But Jesus’ authority was not backed up by power structures or based on threats (which is ironic for a church that has used both in his name).
I suspect that part of the sense of authority that Jesus has to do with him not being inside these structures that care about themselves than the message they are supposed to transmit.
Jesus’ authority is the authority of truth, the truth often visible only to the outsider, who can have a perspective that insiders lack.
Ouida said “familiarity is a magician that is cruel to beauty but kind to ugliness” – and outsider reminds us of what is beautiful and what is ugly…”
The American comedian Ellen DeGeneres said, “Sometimes you can’t see yourself clearly until you see yourself through the eyes of others.”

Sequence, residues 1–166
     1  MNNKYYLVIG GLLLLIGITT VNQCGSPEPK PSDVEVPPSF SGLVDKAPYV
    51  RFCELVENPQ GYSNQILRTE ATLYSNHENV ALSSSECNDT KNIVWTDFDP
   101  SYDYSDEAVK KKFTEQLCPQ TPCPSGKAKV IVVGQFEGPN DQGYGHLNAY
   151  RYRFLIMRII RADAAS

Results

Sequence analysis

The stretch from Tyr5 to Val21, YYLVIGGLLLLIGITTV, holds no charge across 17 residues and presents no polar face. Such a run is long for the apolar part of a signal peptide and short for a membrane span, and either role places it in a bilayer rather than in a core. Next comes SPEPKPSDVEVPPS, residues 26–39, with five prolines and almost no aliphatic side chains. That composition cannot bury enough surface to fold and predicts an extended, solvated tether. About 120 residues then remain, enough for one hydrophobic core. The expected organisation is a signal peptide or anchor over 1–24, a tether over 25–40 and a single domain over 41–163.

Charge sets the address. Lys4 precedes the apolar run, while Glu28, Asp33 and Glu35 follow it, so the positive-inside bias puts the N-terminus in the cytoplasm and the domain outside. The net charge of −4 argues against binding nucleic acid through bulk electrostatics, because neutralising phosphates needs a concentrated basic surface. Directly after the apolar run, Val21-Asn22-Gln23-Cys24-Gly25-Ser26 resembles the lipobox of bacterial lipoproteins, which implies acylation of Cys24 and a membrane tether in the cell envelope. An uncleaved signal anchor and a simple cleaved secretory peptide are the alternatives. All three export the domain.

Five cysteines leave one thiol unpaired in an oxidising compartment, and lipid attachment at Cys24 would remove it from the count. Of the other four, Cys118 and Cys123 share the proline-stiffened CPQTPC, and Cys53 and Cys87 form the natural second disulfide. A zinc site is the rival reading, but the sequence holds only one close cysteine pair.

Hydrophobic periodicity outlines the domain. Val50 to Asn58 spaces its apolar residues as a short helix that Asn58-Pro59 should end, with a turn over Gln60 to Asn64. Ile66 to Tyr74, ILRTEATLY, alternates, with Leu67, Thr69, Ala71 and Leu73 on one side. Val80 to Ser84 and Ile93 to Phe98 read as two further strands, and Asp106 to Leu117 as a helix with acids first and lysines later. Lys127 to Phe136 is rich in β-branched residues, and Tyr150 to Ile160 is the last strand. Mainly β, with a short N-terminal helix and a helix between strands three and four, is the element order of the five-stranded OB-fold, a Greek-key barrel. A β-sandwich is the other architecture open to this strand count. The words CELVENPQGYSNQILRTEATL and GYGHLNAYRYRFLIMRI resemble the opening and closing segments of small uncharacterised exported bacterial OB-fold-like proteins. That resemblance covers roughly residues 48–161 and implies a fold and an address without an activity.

So what does the outsiders wisdom look like?
Well, our reading gives an example: in the Synagogue at Capernium a man creates a scene.
“What have you to do with us, Jesus of Nazareth?” he screams, “Have you come to destroy us?”
If, like me you grew up watching the Exorcist and the Evil Dead you will have a clear idea of what this could have looked like! But I think it is more helpful to think of as someone who was sick, broken, isolated, unloved, who had lost their dignity and lost their self-worth. Someone who, despite the grim state of their life, was stuck and feared change and what new terrors change could bring. “Better the devil you know” seems to be a saying written for this occasion…
In the man’s shout of “leave me alone,” Jesus heard a cry for help – and he accepted him in his brokenness and healed him.